Approval of Eagle Forest subdivision continued
No action was taken on the Eagle Forest subdivision final plat at the May 14 El Paso Board of County Commissioners meeting and instead the commissioners voted to continue it on May 28.
The subdivision, located in Black Forest, is to have nine single-family lots on a little more than 44 acres with lots ranging from three to five acres, and more than five acres of open space. The initial planned unit development and preliminary plan was approved back in 2005 and a revised one was recently approved by the county planning commission. The developer appeared before the BOCC seeking approval for the final plat.
Residents bordering the development have had many concerns regarding the development and they include the layouts of the lots, the septic systems, asbestos from a building on the property that was built in the 1950s and torn down, possible contamination to Burgess Creek and the possible existence of the Preble's Meadow Jumping Mouse.
Raimere Fitzpatrick, project manager for the development services department, said he explained to residents the review process and when they notify certain agencies. He said it was agreed to apply a 300-foot buffer around mapped waterways. When that buffer hits a property, whether it's through a stream or flood plain, the U.S. Fish and Wildlife Service is notified and the applicant goes through their process to get a clearance letter.
“When you look at this buffer in accordance with our agreement with the U.S. Fish and Wildlife Service the county would not have been required to send them notice for Preble's Meadow Jumping Mouse,” Fitzpatrick said. “Now does that mean because there is a buffer here, does that mean there's Preble's Meadow Jumping Mouse? No.”
Fitzpatrick said the purpose of the buffer is not to say it identifies the mouse, but rather to say that potentially there are characteristics that would support that type of habitat. The chair of the planning commission instructed staff to notify U.S. Fish and Wildlife as a courtesy, and as a recommended condition of approval. He said U.S. Fish and Wildlife sent a letter, and because of the way it was worded, staff agreed prior to issuance of construction permits the applicant would provide something from U.S. Fish and Wildlife. This was more to protect the county based on the wording of the letter.
Commissioner Amy Lathen said she didn't like the condition and she feels that staff has shown that it is not necessary. Lathen said now the commissioners have to decide whether they think U.S. Fish and Wildlife is going to interpret the map differently and require the letter. There was also concern that it could be concluded that the area is in the buffer area, and proceeding without the letter, risked that U.S. Fish and Wildlife saying was it improper or illegal.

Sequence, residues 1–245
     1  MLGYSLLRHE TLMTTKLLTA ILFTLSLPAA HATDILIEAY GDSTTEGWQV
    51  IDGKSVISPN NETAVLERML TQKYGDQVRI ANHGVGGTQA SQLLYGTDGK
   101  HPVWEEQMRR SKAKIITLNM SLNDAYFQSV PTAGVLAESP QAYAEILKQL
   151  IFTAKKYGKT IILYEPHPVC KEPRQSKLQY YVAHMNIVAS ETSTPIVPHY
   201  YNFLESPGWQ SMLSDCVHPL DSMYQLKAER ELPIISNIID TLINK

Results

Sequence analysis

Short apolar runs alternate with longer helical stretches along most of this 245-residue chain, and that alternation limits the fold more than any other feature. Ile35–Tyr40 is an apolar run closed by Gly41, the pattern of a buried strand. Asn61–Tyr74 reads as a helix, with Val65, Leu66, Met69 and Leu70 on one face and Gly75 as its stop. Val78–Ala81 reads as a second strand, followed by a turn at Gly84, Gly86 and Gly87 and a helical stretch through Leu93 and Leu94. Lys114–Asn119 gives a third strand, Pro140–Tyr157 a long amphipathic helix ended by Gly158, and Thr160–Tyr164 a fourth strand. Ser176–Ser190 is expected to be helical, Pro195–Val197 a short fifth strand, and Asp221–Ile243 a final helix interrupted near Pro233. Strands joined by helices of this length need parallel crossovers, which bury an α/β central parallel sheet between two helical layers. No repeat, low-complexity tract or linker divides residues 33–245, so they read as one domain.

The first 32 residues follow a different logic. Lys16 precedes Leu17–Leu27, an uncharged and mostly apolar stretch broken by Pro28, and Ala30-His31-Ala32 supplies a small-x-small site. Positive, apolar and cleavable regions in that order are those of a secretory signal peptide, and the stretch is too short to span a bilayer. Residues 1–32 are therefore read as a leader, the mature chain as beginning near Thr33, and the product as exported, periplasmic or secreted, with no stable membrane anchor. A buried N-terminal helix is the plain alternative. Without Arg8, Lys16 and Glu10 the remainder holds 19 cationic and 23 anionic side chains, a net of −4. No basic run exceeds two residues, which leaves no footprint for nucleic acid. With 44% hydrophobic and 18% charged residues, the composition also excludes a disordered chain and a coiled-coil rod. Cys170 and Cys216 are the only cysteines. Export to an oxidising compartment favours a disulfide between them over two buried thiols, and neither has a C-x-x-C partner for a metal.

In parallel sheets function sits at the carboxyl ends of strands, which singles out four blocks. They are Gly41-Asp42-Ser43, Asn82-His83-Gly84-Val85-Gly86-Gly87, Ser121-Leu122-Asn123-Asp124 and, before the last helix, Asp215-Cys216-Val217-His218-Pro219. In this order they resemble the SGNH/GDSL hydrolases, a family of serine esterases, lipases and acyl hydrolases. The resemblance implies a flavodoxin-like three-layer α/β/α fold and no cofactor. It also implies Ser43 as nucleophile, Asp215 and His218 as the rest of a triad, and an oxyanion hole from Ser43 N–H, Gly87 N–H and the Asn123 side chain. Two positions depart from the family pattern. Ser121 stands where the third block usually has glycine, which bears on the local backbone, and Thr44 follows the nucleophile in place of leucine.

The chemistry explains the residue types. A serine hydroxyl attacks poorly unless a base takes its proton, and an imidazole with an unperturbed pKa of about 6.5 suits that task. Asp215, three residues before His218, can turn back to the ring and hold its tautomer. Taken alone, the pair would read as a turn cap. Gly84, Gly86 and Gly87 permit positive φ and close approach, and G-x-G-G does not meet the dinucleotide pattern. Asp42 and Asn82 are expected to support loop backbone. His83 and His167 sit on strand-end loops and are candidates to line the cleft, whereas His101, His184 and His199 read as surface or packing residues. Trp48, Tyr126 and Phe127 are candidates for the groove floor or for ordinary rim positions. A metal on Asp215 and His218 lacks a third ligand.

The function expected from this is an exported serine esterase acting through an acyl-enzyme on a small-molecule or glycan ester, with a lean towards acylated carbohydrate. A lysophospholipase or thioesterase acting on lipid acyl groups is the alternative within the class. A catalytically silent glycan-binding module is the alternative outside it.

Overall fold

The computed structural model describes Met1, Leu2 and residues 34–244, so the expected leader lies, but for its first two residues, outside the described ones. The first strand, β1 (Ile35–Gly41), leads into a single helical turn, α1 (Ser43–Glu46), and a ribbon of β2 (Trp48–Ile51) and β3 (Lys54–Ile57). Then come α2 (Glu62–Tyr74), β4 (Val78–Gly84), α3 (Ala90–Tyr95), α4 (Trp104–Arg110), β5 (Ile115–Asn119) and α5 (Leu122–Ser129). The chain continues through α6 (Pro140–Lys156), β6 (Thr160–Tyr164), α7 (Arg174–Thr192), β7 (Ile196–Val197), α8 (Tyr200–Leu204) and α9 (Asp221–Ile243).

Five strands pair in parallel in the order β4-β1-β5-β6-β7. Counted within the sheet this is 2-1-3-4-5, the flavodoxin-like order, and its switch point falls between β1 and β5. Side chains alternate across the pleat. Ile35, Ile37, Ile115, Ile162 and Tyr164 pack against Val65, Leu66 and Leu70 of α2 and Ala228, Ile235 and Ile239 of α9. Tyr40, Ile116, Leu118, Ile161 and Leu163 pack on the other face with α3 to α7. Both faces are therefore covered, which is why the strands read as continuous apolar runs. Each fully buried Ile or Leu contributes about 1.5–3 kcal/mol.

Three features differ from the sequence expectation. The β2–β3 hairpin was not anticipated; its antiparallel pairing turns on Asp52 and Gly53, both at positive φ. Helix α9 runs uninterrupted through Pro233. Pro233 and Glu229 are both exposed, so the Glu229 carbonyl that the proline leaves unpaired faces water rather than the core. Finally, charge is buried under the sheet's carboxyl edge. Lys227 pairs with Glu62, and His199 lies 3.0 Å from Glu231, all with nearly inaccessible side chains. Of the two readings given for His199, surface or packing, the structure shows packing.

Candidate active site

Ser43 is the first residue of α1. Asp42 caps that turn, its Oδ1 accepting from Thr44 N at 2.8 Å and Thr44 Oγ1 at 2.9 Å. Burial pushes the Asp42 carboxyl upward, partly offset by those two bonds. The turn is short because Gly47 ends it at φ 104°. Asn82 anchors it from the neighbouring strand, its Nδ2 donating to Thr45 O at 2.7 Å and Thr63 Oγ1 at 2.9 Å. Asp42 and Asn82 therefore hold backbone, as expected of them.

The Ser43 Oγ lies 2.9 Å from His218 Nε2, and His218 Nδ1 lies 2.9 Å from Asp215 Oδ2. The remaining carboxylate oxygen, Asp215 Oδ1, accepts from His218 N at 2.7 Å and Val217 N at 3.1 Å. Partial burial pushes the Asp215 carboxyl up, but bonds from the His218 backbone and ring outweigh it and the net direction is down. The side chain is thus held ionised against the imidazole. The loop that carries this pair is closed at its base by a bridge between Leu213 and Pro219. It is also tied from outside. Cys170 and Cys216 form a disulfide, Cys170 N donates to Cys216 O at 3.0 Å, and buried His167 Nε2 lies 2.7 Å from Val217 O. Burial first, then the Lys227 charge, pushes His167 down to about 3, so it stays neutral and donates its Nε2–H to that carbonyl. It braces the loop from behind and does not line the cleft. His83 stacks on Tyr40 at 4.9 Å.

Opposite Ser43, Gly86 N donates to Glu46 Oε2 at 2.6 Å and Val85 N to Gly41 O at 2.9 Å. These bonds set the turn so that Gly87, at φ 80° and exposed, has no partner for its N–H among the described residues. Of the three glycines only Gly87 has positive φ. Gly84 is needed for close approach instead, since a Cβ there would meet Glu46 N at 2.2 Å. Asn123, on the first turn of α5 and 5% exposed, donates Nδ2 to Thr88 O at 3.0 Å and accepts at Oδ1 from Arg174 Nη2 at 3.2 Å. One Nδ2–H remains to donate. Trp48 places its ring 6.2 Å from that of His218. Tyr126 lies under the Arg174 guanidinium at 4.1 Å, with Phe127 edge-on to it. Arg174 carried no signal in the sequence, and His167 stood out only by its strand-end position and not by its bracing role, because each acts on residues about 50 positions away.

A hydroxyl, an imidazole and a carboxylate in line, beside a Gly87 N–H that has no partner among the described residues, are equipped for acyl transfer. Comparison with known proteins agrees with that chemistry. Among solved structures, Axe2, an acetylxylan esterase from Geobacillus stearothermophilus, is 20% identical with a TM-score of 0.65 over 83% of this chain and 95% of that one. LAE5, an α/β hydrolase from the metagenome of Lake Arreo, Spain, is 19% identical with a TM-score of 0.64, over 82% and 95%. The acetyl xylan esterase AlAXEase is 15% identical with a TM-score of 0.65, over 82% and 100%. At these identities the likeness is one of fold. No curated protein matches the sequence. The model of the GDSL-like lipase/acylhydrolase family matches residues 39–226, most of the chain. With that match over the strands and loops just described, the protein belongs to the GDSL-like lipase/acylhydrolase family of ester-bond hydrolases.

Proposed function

“I don't want to put lot owners in that position. You can see a mouse run across your feet and think you're in Preble's Meadow Jumping Mouse (habitat). I don't want to debate the whole philosophy. I don't believe in it, I don't buy it and I don't agree with it and I can't wait for the day we get out from under it and I hope that we'll be fighting for that in every way possible,” Lathen said. “That said, I'm concerned that they are going to come back and say we saw a mouse and you're going to stop construction.”
Lathen said she feels the county is in a game of chicken with regards to the interpretation of the map and they need to make a decision whether or not this condition stays in the record.
Fitzpatrick said U.S. Fish and Wildlife has tested the area before and set traps but has never found the jumping mouse in that area, but had received calls from citizens that said they have seen them. Now U.S. Fish and Wildlife is concerned that they have moved upstream.
Commissioner Daryll Glenn asked the county attorney if they needed to discuss this in executive session to review their legal liability with regards to constructive notice, and the county attorney said that would be her suggestion.
Residents were also concerned that approval was made without the proper planning and regional building department requirements and those requirements were attaching addresses to the final plat drawings, a house that was built on one of the lots and there were concerns about a septic system for the house that remains unfinished. They also want commissioners to require that property owners downstream be notified when any development is built along a creek or river.
The applicant, Dean Mabe, said they followed all county regulations and he had an affidavit stating the demolition was inspected and materials disposed of correctly. He said he hired a licensed Colorado demolition contractor to inspect the area and the contractor found no sign of asbestos.
Both Glenn and Commissioner Chair Dennis Hisey agreed that the downstream notification may be a policy discussion that may be done at another time.
Hisey said the issue with the addresses is any easy fix and a house can be built on a lot according to current state regulations.